Changing the Conversation

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Cat VaskoAn interesting op-ed in today’s LA Times claims to make “the case for rationing healthcare.” But the author’s real case is to be found near the end:

“How might we ‘bend the curve’ of rising costs without forcing doctors to break with Hippocratic ideals? Percentage points can be trimmed by better coordinating care and providing it more efficiently. But the main driver behind rising costs is indiscriminate adoption of new technology. We must make it much harder for high-cost clinical wizardry to become part of our expectations. We should distinguish between decisive advances . . . and technologies that dazzle but deliver only marginal results.”

And then comes the kicker:

“We can do this by demanding proof that pricey services add value before permitting healthcare providers to tap insurers for payment.”

This is worth noting: Here we have a physician and author advocating in a widely consumer-read platform for what is, essentially, pre-auth. Those of us in the radiology community know that pre-auth is far from a magic bullet; while it has been shown to effectively curb utilization, it also decreases clinical efficiency, which drives costs right back up.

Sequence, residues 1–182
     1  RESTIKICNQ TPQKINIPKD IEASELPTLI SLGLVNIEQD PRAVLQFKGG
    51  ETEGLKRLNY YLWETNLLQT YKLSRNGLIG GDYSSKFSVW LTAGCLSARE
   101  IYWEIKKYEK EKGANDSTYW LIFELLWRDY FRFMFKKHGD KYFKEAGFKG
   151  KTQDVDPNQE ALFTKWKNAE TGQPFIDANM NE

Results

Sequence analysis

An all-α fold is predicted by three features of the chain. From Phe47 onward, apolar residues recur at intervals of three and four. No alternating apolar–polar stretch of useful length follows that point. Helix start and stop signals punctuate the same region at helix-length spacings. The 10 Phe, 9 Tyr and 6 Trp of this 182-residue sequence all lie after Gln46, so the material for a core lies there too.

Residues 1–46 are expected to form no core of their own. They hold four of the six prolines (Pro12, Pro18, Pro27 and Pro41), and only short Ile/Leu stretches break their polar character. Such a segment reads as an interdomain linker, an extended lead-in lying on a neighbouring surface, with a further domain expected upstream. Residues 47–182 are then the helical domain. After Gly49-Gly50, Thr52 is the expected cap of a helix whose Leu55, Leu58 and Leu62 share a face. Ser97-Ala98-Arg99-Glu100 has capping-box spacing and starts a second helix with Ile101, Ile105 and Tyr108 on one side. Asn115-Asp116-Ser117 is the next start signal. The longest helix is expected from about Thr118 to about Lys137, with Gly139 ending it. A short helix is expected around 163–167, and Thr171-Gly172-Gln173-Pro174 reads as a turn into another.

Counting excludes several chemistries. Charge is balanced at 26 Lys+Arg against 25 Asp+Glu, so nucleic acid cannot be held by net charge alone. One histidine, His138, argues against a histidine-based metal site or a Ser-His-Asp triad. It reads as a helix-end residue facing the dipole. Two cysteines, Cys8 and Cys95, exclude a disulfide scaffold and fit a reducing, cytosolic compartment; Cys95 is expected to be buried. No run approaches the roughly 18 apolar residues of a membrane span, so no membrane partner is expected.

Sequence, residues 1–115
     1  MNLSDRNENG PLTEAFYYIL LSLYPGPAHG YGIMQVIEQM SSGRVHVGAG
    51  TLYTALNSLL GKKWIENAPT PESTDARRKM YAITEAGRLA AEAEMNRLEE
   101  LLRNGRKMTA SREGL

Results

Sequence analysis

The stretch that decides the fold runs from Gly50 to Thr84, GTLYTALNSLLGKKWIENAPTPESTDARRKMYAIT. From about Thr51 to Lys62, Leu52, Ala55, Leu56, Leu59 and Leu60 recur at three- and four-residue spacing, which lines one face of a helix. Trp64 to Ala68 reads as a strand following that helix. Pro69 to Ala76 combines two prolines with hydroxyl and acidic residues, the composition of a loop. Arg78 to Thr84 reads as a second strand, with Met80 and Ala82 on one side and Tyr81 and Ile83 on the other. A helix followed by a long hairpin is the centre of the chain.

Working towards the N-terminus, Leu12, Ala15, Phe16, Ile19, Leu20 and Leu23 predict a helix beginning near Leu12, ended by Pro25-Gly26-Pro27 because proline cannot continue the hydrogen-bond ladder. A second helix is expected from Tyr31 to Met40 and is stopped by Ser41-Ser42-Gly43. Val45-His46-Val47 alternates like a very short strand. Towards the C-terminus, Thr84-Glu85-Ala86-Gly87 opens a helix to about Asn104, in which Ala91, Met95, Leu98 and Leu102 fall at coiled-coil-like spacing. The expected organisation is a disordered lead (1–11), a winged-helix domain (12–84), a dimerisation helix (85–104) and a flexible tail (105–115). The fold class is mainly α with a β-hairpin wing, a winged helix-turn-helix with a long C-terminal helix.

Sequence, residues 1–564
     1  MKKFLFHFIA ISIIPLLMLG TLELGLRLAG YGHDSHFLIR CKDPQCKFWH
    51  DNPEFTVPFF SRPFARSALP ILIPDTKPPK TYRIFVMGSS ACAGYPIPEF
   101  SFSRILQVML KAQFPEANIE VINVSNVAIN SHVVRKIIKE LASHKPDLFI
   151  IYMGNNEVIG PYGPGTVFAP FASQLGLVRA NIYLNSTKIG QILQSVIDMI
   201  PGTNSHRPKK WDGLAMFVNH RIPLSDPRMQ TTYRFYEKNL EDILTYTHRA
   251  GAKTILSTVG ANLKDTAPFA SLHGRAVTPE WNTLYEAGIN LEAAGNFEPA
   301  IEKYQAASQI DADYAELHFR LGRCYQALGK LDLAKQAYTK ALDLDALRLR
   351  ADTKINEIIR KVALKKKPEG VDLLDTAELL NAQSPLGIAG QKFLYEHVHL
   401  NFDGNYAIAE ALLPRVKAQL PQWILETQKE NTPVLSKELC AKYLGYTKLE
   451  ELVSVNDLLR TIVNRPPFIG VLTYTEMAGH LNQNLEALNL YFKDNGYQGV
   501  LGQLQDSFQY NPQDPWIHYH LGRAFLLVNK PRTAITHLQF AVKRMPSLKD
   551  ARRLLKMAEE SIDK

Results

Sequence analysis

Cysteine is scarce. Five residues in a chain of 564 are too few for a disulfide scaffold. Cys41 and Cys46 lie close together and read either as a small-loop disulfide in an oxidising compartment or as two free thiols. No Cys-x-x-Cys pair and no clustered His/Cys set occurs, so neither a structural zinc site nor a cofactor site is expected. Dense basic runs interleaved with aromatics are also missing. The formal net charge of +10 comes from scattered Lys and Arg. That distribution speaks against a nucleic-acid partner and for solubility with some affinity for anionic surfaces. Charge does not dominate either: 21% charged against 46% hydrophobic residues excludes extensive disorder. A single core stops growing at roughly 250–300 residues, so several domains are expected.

More critically, it takes the power of determination out of the hands of those best qualified—referring physicians and imaging professionals—and gives it to insurers. If the problem with allowing physicians to make these decisions is financial incentives, then what’s better about handing them over to private payors, who, as we’ve seen time and sickening time again, have no moral qualms about denying patients necessary care in order to boost the bottom line?

I have continually felt surprised at the voraciousness with which physicians have thrown the concept of a single-payor health system under the bus. This article reminds me of why radiologists in particular should be advocating for single-payor healthcare: when you remove the profit motive from the payors’ side of the equation, what you have left is a system in which appropriateness, our favorite word in this industry, rules the day. Not economic incentives on either side; appropriateness pure and simple, determined by experts and enforced because it’s the right thing to do, not because we have to.

It’s obvious that the government won’t stop gunning for imaging. Why should it? Imaging shows rapid growth and escalating costs, and there’s evidence that it is being overutilized, even if that overutilization is on the part of self-referring physicians, not radiologists.

But if this industry takes a new tack and tries to partner with CMS on pursuing true appropriateness, it may pay dividends in the long run. After all, what’s the alternative—continue to see utilization attacked until every imaging exam requires a seventeen-point pre-auth process? It’s been six years since the DRA was passed, and at this point I think it’s obvious that the adversarial approach isn’t getting us anywhere. Why not try to change the conversation?